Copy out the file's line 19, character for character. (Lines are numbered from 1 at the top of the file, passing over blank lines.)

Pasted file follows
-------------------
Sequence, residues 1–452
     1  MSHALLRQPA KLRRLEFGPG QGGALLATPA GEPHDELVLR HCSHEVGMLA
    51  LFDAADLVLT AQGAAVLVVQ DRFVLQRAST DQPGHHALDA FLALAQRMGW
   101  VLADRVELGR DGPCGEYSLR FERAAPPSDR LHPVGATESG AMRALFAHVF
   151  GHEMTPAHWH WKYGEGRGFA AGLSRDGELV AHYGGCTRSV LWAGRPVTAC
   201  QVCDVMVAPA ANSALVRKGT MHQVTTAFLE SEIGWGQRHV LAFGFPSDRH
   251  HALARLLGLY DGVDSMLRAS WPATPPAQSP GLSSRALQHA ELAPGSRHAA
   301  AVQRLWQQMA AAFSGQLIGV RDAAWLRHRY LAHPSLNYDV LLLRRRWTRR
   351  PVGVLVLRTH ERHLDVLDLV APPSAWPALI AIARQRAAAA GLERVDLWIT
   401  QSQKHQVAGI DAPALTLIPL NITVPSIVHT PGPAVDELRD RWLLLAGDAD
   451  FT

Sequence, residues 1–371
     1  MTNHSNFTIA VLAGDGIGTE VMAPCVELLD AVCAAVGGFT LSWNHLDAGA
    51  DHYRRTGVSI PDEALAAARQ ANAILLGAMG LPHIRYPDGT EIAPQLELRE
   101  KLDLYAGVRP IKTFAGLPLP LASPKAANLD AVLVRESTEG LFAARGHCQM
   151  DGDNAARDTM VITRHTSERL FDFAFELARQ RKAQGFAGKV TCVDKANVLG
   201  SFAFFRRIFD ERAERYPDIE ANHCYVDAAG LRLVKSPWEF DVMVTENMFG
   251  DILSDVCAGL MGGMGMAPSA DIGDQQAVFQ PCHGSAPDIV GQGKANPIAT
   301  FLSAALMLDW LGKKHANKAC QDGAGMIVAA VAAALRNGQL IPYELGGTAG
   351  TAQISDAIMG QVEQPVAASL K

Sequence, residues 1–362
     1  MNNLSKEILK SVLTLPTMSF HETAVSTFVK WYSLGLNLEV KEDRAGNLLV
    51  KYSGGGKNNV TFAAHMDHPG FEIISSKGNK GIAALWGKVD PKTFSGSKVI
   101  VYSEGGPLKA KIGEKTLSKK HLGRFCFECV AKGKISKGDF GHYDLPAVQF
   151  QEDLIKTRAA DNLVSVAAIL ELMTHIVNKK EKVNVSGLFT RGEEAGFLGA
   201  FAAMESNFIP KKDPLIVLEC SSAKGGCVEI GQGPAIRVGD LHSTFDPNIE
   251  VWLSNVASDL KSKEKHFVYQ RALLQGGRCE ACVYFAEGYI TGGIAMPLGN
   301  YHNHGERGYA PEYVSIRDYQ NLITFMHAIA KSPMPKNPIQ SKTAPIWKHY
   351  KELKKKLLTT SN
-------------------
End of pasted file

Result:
   301  FLSAALMLDW LGKKHANKAC QDGAGMIVAA VAAALRNGQL IPYELGGTAG